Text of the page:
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About a week after saying its computers, tablets and smart phones would no longer be designed to meet certain environmentally friendly specifications, Apple has reversed its position. Now they say they will conform to Electronic Products Environmental Asset Tool standards, or EPEAT, after all.
Backed by the Environmental Protection Agency, EPEAT certification means a product passes environmental muster in terms of power consumption, the materials it's made from, recyclability, its packaging and its disposal.
Apple sells 40 different EPEAT-certified products. But it was opting out, ostensibly because the company’s new high-resolution Retina display had not received EPEAT certification.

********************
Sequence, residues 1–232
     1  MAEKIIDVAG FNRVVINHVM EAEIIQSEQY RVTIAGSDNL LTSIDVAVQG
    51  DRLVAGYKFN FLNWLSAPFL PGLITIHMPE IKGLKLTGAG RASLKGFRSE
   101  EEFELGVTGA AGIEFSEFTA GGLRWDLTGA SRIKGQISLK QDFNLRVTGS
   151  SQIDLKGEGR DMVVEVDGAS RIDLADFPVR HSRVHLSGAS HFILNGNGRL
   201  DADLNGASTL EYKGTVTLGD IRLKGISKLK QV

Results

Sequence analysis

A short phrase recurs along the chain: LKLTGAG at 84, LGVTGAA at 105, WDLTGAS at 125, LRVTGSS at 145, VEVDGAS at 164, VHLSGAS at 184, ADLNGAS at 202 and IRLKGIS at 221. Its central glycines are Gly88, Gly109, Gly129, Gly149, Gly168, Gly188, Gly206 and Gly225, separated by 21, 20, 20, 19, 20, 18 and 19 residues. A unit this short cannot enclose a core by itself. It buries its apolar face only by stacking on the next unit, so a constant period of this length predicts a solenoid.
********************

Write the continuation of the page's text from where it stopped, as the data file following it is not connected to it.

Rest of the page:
Then two things happened. First, several government agencies and various schools that usually buy Apple products pointed out that they're allowed to purchase only equipment with the EPEAT seal of approval. Shortly after, Apple's 15-inch MacBook Pro with Retina display was added to the EPEAT registry.
Apple's flip-flopping is a reminder that there’s a double meaning for so-called "green" technology. To exist, it has to be good for both the environment and to a manufacturer's bottom line.
[The above text is a transcript of this podcast.]